Schizoaffective disorder is a mental illness that features schizophrenia and a mood disorder, either major depression or bipolar disorder. Symptoms include agitation, suicidal thoughts, little need for sleep, delusions, hallucinations, and poor motivation. Treatment may involve psychotherapy, medication, skills training, or hospitalization.
Schizophrenia is a disabling brain disorder that may cause hallucinations and delusions and affect a person's ability to communicate and pay attention. Symptoms of psychosis appear in men in their late teens and early 20s and in women in their mid-20s to early 30s. With treatment involving the use of antipsychotic medications and psychosocial treatment, schizophrenia patients can lead rewarding and meaningful lives.
Schizotypal Personality Disorder
Schizotypal personality disorder is characterized by odd behaviors, feelings, perceptions, and ways of relating to others that interfere with one's ability to function. Medication and psychotherapy can help the sufferer to manage their symptoms.
A stroke is an interruption of the blood supply to part of the brain caused by either a blood clot (ischemic) or bleeding (hemorrhagic). Symptoms of a stroke may include: weakness, numbness, double vision or vision loss, confusion, vertigo, difficulty speaking or understanding speech. A physical exam, imaging tests, neurological exam, and blood tests may be used to diagnose a stroke. Treatment may include administration of clot-busting drugs, supportive care, and in some instances, neurosurgery. The risk of stroke can be reduced by controlling high blood pressure, high cholesterol, diabetes, and stopping smoking.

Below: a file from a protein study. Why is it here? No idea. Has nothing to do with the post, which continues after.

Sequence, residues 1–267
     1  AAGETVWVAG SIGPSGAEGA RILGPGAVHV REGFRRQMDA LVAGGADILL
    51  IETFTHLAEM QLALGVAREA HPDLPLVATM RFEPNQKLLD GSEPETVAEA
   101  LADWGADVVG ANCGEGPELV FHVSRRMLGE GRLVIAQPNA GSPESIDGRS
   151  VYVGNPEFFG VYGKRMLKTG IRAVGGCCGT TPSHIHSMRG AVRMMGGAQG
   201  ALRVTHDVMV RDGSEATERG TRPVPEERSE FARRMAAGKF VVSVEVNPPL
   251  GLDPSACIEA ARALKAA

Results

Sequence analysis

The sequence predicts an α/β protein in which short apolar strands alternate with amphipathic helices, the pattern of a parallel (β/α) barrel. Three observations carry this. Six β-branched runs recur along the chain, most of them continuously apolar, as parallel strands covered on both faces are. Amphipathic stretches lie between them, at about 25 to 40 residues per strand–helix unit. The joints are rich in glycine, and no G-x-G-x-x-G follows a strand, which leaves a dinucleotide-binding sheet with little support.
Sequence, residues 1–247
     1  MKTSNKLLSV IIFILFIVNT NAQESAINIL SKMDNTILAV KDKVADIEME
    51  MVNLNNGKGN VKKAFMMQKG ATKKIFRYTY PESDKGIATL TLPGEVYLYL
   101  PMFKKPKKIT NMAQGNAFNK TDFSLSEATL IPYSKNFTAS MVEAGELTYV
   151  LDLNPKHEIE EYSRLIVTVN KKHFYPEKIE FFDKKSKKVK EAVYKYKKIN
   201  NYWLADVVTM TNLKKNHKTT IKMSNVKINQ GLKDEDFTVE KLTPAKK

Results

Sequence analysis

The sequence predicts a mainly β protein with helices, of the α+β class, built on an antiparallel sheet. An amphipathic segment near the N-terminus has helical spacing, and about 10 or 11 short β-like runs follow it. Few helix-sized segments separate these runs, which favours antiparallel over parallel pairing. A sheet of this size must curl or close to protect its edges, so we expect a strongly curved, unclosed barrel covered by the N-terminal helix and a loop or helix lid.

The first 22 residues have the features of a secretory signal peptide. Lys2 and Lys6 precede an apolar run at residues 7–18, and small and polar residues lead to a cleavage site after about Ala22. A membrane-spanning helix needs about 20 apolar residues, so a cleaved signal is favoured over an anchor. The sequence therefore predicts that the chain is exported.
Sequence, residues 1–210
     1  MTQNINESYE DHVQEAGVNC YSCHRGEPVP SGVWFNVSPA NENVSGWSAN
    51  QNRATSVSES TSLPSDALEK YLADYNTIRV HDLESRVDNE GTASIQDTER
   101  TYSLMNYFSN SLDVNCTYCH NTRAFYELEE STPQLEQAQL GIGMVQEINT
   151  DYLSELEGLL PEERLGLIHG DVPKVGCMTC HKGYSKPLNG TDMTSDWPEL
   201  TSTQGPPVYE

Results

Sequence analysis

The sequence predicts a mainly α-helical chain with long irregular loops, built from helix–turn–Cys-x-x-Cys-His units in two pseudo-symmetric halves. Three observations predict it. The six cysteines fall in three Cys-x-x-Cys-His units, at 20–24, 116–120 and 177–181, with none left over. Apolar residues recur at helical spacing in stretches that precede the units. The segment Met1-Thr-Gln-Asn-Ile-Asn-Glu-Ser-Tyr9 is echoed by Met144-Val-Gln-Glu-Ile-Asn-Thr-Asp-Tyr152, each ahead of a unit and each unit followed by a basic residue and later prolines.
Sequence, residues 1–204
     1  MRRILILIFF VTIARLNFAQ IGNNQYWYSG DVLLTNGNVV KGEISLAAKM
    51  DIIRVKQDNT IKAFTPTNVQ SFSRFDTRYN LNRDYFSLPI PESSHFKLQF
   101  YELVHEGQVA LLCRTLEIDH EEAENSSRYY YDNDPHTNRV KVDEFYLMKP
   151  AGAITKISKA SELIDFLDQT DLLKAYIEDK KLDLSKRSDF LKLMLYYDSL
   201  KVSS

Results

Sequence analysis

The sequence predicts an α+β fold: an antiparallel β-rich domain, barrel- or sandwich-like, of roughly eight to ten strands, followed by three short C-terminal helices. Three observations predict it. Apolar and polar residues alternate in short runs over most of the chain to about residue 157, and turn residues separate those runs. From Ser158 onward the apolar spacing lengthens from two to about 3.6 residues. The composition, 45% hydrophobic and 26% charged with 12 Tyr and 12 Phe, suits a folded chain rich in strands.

Examples of Medications for Self-Neglect
- aripiprazole (Abilify, Aristrada)
- chlorpromazine - oral, Thorazine
- chlorpromazine-injection, Thorazine
- Citalopram (Celexa)
- clozapine (Clozaril, Fazacio ODT, Versacloz)
- Cymbalta (duloxetine)
- desvenlafaxine (Pristiq, Khedezla)
- fluoxetine (Prozac, Sarafem, Prozac Weekly)
- fluphenazine (Permitil, Prolixin)
- fluphenazine concentrate - oral, Prolixin
- fluphenazine liquid - oral, Prolixin
- fluvoxamine (Luvox)
- haloperidol (Haldol)
- lamotrigine, Lamictal, Lamictal CD, Lamictal ODT, Lamictal XR
- Lexapro (escitalopram)
- lithium (Lithobid)
- mirtazapine (Remeron, Soltab)
- nefazodone (Serzone)
- olanzapine (Zyprexa, Zydis)
- paroxetine (Paxil, Pexeva)
- quetiapine (Seroquel)
- risperidone, Risperdal; Risperdal Consta, Risperdal M-TAB
- thiothixene - oral, Navane
- Trazodone (Desyrel)
- valproic acid, divalproex, Depakote, Depakote Sprinkle, Depakote ER, Depakene, Depacon, Stavzor
- venlafaxine, Effexor XR (Effexor has been discontinued in the US)
- Wellbutrin (bupropion)
- ziprasidone (Geodon)
- Zoloft (sertraline)